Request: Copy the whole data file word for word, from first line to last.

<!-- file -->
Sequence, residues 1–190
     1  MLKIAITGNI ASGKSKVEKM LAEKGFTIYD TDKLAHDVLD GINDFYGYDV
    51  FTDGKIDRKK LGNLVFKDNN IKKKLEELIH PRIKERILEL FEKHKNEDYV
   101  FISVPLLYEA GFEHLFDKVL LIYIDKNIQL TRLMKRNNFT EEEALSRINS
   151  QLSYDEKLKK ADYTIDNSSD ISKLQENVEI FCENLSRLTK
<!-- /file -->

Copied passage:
Sequence, residues 1–190
     1  MLKIAITGNI ASGKSKVEKM LAEKGFTIYD TDKLAHDVLD GINDFYGYDV
    51  FTDGKIDRKK LGNLVFKDNN IKKKLEELIH PRIKERILEL FEKHKNEDYV
   101  FISVPLLYEA GFEHLFDKVL LIYIDKNIQL TRLMKRNNFT EEEALSRINS
   151  QLSYDEKLKK ADYTIDNSSD ISKLQENVEI FCENLSRLTK